Charity golf tournament aids Conway non-profit


Community Connections is a non-profit organization that helps families address various health, developmental and social needs by offering comprehensive programs and services not currently available in the community. The organization facilitates soccer, football, dance and theater programs in Little Rock and Conway.

“Community Connections is the only organization of its kind in Arkansas,” said City of Faith Program Manager Allen Winkler. “Last year the tournament benefited Bethlehem House of Conway. Every year we’d like to find a different organization to help. For our first year, it went extremely well. We ended up giving away $3,500 to Bethlehem House.”

Winkler, 28, has worked at City of Faith for five years. The organization is federally contracted, and its sole purpose is helping former inmates rehabilitate back into society. City of Faith works with inmates to develop stable work histories, re-establish family ties and become productive members of society.

“But it’s not just enough to show up every day and just help inmates,” Winkler said. “Our main goal is to teach them to give back. Four years ago we started our Christmas project. The first year we had our inmates making gifts and dinners for the elderly in Little Rock. These were people who had no one to care for them on Christmas. It really showed our inmates that they need to care about people because there are people who have it worse than them. It also shows us how to teach the inmates to care for people.

“Plus, I love seeing these tatted up guys playing with glitter and making Christmas cards.”

In addition to the golf tournament and Christmas project, City of Faith also works on an Easter project each year. And beyond the bigger projects, the inmates serve the community daily through smaller coordinated projects.

“Part of my job has developed into working with City Connections out of Little Rock,” said maintenance coordinator Jonny Tyler. “Jeff Spry will call me and say, ‘Hey, I’ve got a lady that needs some stuff moved out of her house,’ and we’ll coordinate that move. That really fills in the core programs that we do. There’s always something to do in the community.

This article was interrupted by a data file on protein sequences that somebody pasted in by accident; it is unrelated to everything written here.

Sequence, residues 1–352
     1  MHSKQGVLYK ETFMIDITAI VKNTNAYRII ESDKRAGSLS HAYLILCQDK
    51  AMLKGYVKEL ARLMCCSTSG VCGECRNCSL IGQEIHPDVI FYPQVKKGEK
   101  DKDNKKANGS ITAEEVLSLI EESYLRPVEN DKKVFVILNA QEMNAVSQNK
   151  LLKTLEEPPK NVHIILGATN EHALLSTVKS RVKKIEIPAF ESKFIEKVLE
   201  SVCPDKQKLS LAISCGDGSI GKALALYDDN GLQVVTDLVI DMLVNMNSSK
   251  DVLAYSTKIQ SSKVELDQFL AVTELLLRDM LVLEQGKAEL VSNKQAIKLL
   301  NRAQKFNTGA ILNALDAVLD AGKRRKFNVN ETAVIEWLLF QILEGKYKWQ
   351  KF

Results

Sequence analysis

“We have several projects a year. We can’t enforce that our inmates get involved, but we strongly encourage them to give back, whether it be doing odd jobs at someone’s house or mowing people’s yards. We have a 96 percent success rate, meaning that the inmates don’t end up back in jail once we release them.”

City of Faith-Little Rock opened in November 1996, but the concept behind the organization was in existence long before that date.

“About 30 years ago, Kathy Biedneharn was doing her thesis on her master’s degree,” Winkler said. “She was also doing ministry in North Louisiana at the time. She was working in the prisons, giving the Gospel to people. One day, she asked an inmate what she could do for him. He said, ‘Get me a job – that’s how you could help me.’ After that, she wanted to start a facility where inmates could come and rehabilitate back into society.

“Our facility in Little Rock has 106 beds, and we can house 120 inmates. We keep our neighborhood safe from our clientele and help them find jobs, rebuild relationships with their families and set long-term goals for themselves.”

City of Faith has locations in Shreveport and Monroe, La., as well as in Little Rock. The Little Rock branch is led by Maumelle resident Terry Williams.

The FORE!!! Charity Golf Tournament will feature two shotgun starts at 8 a.m. and 1:30 p.m. A putting tournament will be held from 11 a.m. to 1 p.m. All participants will receive swag bags provided by City of Faith.

“The inmates do all the manual labor behind the tournament,” Tyler said. “Whatever we give out to the golfers who participate, the inmates put in the bag. Some of the inmates will come and serve onsite at the tournament with us, and all the money raised is going to Community Connections.

“We really encourage our residents to stop looking at their own problems and look at helping other people.”

Winkler added, “It costs about $30,000 a year to house a federal inmate. With us, they’re getting educational opportunities and opportunities to work. It’s probably the best thing that could happen to some of these inmates. Yes, they’re separated from their families, but they’re working. Some people are much worse off right now.”

Winners of both the morning and afternoon flights will receive trophies and prizes.  There will be a closest to the hole, hole in one and longest drive competitions held during each flight. All participants will also be eligible to receive great door prizes from local sponsors.

For information on how to become a hole sponsor or donate door prizes, visit
Registration can also be done online. Early registration ends Friday, Aug. 13. The early registration fee is $70/golfer ($80/golfer after Aug. 13) and includes greens fees, cart rental and lunch.